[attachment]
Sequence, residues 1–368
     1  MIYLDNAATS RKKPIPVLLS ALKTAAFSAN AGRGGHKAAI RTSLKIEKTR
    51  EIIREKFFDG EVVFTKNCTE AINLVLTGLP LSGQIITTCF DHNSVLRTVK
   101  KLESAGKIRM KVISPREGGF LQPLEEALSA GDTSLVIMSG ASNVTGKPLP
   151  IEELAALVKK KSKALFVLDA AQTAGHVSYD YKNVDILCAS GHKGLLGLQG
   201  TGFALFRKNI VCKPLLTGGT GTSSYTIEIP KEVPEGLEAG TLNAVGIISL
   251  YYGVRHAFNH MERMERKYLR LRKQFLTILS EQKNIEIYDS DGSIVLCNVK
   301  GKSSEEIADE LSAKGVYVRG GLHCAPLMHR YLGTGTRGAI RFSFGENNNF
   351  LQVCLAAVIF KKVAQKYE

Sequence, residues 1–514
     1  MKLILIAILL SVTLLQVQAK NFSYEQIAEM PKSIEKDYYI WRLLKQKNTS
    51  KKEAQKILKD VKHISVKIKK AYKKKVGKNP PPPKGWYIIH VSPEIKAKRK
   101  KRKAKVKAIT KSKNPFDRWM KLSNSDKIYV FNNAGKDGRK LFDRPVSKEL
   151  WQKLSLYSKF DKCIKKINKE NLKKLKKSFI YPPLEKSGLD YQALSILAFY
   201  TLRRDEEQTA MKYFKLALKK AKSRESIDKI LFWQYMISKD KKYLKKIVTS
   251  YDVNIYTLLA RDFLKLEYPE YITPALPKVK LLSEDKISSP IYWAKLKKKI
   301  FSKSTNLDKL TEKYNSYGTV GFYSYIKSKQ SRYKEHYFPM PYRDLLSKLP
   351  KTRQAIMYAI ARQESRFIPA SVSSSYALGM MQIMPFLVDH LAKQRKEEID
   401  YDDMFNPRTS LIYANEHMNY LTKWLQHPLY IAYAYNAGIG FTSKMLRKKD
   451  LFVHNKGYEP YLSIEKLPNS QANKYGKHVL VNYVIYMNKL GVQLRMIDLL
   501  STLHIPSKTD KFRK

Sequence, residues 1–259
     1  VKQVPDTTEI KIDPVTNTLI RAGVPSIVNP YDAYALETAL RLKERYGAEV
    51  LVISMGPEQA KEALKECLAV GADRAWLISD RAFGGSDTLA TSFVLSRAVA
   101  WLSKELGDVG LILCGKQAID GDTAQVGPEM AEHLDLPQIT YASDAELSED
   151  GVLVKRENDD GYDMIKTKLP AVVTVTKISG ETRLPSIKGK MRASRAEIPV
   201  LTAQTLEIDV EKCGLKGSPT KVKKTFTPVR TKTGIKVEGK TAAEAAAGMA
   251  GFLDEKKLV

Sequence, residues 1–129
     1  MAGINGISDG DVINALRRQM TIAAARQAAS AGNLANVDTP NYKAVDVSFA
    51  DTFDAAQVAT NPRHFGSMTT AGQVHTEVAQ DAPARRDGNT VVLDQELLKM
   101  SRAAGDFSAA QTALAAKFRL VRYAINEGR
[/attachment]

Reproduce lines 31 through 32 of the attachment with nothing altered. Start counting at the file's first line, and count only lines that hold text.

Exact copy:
    51  DTFDAAQVAT NPRHFGSMTT AGQVHTEVAQ DAPARRDGNT VVLDQELLKM
   101  SRAAGDFSAA QTALAAKFRL VRYAINEGR